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Decoding Kubernetes Ingress auth Secrets

I figured it would be handy to have a quick reference for this, since I'll probably forget certain secrets many, many times in the future (I'm like that, I guess):

I have a Kubernetes Secret used for Traefik ingress basic HTTP authentication (using annotation ingress.kubernetes.io/auth-secret), and as an admin with kubectl access, I want to see (or potentially modify) its structure.

Let's say the Secret is in namespace testing, and is named test-credentials. To get the value of the basic auth credentials I do:

kubectl get secret test-credentials -n testing -o yaml

This spits out the Kubernetes object definition, including a field like:

data:
  auth: [redacted base64-encoded string]

So then I copy out that string and decode it:

Stripping the 'Vary: Host' header from an Apache response using Varnish

A colleague of mine found out that many static resource requests which should've been cached upstream by a CDN were not being cached, and the reason was an extra Vary http header being sent with the response—in this case Host.

It was hard to reproduce the issue, but in the end we found out it was related to Apache bug #58231. Basically, since we used some RewriteConds that evaluated the HTTP_HOST value before a RewriteRule, we ran into a bug where Apache would dump a Vary: Host header into the request response. When this was set, it effectively bypassed Varnish's cache, as well as our upstream CDN... and since it applied to all image, css, js, xml, etc. requests, we saw a lot of unexpected volume hitting the backend Apache servers.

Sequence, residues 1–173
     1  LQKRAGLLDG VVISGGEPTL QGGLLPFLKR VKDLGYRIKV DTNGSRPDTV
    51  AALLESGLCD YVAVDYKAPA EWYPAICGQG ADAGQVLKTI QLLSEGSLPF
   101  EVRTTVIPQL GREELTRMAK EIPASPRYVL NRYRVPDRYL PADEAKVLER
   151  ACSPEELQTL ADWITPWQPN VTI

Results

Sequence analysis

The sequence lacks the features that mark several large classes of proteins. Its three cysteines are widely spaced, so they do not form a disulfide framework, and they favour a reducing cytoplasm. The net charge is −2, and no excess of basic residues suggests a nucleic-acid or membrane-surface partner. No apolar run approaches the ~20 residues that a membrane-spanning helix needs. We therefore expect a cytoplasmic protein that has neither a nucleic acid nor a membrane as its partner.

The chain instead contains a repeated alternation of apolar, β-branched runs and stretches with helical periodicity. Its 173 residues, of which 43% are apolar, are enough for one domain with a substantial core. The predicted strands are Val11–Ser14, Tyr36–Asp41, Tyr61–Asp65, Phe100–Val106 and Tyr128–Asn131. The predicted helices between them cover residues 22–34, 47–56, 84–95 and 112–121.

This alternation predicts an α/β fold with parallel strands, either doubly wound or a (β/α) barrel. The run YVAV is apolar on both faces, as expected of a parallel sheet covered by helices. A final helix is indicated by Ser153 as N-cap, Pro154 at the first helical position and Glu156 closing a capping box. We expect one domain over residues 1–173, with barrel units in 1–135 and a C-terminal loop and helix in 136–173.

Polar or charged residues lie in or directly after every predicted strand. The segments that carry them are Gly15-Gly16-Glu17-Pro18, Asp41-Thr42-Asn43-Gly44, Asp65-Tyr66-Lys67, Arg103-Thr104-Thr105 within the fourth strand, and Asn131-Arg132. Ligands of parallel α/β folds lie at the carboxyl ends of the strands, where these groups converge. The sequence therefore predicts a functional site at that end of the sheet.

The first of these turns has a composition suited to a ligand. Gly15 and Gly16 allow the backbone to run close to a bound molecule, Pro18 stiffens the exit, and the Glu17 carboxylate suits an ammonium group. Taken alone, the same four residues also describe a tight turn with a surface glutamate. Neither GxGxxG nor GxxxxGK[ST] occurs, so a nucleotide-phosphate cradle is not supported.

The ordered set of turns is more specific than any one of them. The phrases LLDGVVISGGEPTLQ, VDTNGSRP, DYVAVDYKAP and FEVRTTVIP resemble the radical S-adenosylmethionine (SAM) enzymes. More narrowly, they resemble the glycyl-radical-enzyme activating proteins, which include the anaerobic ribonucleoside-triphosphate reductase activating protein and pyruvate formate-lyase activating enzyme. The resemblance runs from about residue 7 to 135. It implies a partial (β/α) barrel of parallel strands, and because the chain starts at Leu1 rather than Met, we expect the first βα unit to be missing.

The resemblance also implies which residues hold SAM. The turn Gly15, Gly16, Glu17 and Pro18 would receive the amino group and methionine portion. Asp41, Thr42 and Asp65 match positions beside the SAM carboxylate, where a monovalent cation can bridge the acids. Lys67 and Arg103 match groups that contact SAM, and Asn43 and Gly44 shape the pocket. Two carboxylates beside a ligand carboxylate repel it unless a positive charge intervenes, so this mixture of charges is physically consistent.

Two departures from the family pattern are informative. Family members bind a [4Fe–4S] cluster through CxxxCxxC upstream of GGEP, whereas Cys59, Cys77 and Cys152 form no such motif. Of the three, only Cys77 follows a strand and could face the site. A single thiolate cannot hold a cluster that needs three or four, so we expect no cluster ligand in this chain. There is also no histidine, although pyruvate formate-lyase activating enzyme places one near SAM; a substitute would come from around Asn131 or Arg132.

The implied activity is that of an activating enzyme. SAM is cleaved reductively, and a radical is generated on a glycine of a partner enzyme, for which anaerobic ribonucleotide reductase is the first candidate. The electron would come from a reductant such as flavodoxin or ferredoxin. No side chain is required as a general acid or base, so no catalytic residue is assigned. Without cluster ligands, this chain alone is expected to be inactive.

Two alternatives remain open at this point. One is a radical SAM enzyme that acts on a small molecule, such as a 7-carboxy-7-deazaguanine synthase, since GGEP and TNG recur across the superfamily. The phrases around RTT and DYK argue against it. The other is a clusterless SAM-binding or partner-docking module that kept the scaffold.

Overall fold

To fix the issue, at least until the upstream bug is fixed in Debian, we decided to strip Host from the Vary header inside our Varnish default.vcl. Inside the vcl_backend_response, we added:

Apache, fastcgi, proxy_fcgi, and empty POST bodies with chunked transfer

I've been working on building a reproducible configuration for Drupal Photo Gallery, a project born out of this year's Acquia Build Hackathon.

We originally built the site on an Acquia Cloud CD environment, and this environment uses a pretty traditional LAMP stack. We didn't encounter any difficulty using AWS Lambda to post image data back to the Drupal site via Drupal's RESTful Web Services API.

The POST request is built in Node.js using:

Increase the Guzzle HTTP Client request timeout in Drupal 8

During some migration operations on a Drupal 8 site, I needed to make an HTTP request that took > 30 seconds to return all the data... and when I ran the migration, I'd end up with exceptions like:

Migration failed with source plugin exception: Error message: cURL error 28: Operation timed out after 29992 milliseconds with 2031262 out of 2262702 bytes received (see http://curl.haxx.se/libcurl/c/libcurl-errors.html).

The solution, it turns out, is pretty simple! Drupal's \Drupal\Core\Http\ClientFactory is the default way that plugins like Migrate's HTTP fetching plugin get a Guzzle client to make HTTP requests (though you could swap things out if you want via services.yml), and in the code for that factory, there's a line after the defaults (where the 'timeout' => 30 is defined) like:

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